Bitcoin has seen unparalleled growth in early 2021, reaching highs of over $58,000, almost triple its peak of the 2017–2018 boom. We are entering an era where institutions are starting to turn to Bitcoin (BTC), as many countries worldwide have been printing unprecedented amounts of money to service mounting debt. And to make matters worse, they are also facing the risk of unmanageable inflation. This perfect storm of macro conditions means institutions like pension funds, hedge funds, as well as high-net-worth individuals with trillions of dollars in combined value are starting to pay attention and learn about Bitcoin for the first time.
Unlike the 2017 bull run, this current run is driven less by hype and more by Bitcoin being accepted in the traditional financial world as a scarce asset class. Enterprise and institutional adoption of crypto assets has been the driving theme of 2021, with Tesla investing $1.5 billion in Bitcoin, one of the most prominent examples of corporate adoption to date.
Additionally, large institutions are recognizing the importance of Bitcoin as a store of value, with many adding millions of dollars of the asset to their balance sheets, including Goldman Sachs, Standard Chartered, Square, BlackRock, Fidelity Investments, MicroStrategy and more.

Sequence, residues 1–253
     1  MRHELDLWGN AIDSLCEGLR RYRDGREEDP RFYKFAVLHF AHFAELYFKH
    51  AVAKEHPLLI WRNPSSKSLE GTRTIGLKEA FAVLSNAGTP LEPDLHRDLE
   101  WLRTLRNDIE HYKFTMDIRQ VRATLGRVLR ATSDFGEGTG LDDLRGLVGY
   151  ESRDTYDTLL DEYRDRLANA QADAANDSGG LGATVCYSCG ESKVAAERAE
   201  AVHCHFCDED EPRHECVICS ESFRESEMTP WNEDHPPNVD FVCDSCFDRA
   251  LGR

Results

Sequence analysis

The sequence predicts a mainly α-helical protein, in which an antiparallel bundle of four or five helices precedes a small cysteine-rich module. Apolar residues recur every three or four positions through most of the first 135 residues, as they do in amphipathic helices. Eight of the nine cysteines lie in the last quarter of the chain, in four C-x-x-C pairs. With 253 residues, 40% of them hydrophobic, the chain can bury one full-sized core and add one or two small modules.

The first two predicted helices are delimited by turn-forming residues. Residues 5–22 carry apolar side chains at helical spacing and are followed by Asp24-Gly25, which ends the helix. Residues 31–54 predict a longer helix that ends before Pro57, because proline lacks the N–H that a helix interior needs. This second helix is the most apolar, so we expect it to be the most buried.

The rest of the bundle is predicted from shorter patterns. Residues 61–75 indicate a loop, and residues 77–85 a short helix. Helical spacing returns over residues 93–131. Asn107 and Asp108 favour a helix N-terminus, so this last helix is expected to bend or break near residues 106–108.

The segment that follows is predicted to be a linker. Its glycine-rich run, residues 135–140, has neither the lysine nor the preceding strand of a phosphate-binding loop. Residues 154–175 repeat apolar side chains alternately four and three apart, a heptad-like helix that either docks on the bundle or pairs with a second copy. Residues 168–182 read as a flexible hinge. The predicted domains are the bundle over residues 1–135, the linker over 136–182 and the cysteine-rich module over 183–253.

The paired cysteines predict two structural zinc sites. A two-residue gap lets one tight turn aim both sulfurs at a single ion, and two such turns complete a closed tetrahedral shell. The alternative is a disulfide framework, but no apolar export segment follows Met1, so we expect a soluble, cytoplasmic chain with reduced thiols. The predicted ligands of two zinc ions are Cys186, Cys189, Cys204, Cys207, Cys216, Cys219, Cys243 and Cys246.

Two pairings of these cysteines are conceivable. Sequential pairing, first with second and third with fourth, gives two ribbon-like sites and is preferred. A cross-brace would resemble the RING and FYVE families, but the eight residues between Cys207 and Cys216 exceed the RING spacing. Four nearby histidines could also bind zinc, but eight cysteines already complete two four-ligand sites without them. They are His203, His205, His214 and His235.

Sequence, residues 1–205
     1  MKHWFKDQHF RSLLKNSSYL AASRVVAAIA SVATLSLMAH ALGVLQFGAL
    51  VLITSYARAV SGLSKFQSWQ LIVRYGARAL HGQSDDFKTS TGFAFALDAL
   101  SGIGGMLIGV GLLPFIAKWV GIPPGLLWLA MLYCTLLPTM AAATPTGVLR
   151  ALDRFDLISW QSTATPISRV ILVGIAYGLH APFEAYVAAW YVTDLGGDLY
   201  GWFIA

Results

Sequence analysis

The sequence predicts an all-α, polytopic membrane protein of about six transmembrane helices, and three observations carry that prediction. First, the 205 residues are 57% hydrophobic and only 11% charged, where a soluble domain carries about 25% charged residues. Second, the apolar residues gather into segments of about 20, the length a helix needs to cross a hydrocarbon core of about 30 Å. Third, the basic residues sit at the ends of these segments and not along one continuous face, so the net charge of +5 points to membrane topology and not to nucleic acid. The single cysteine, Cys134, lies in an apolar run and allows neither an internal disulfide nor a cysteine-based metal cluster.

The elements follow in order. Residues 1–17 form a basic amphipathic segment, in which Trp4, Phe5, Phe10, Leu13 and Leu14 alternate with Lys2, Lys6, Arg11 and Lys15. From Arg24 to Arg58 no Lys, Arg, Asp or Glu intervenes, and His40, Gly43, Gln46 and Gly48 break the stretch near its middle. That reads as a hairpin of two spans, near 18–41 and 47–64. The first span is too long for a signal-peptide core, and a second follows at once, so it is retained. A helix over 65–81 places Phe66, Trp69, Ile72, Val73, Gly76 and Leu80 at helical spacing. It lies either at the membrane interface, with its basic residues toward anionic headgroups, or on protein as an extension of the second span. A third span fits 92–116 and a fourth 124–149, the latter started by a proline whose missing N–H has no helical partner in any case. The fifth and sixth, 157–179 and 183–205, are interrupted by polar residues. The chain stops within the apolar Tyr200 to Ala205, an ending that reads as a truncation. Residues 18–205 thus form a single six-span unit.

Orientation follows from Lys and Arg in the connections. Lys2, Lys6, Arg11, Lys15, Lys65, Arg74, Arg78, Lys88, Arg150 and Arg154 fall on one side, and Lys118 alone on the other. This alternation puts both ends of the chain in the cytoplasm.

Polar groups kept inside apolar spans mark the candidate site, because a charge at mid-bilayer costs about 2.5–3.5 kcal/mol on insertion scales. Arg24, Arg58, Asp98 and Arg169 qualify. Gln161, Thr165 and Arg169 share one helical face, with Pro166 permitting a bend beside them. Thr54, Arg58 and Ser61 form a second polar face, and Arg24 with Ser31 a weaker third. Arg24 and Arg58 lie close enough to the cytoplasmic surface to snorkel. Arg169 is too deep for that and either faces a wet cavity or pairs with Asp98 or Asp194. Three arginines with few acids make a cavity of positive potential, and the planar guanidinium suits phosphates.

But the crypto landscape needs to change to truly allow Bitcoin to move into the traditional world. Institutions can’t use private keys that can easily be lost, transact with long strings of letters and numbers, or store funds on exchanges with high counterparty risk.
New crypto regulation in the U.S. is making it easier and more acceptable to hold cryptocurrencies by providing more certainty across jurisdictions. Just last month in the U.S., The Office of the Comptroller of the Currency provided much-needed regulatory certainty regarding crypto activities. Brian Brooks, acting comptroller of the currency, stated that access to blockchains, such as Bitcoin or Ethereum, the holding of coins from these rails directly or on behalf of clients, and the running of nodes for a public blockchain is permitted. In other words, this allows banks to get actively involved — a huge step in the direction of improving the comfort level of institutions interested in holding crypto.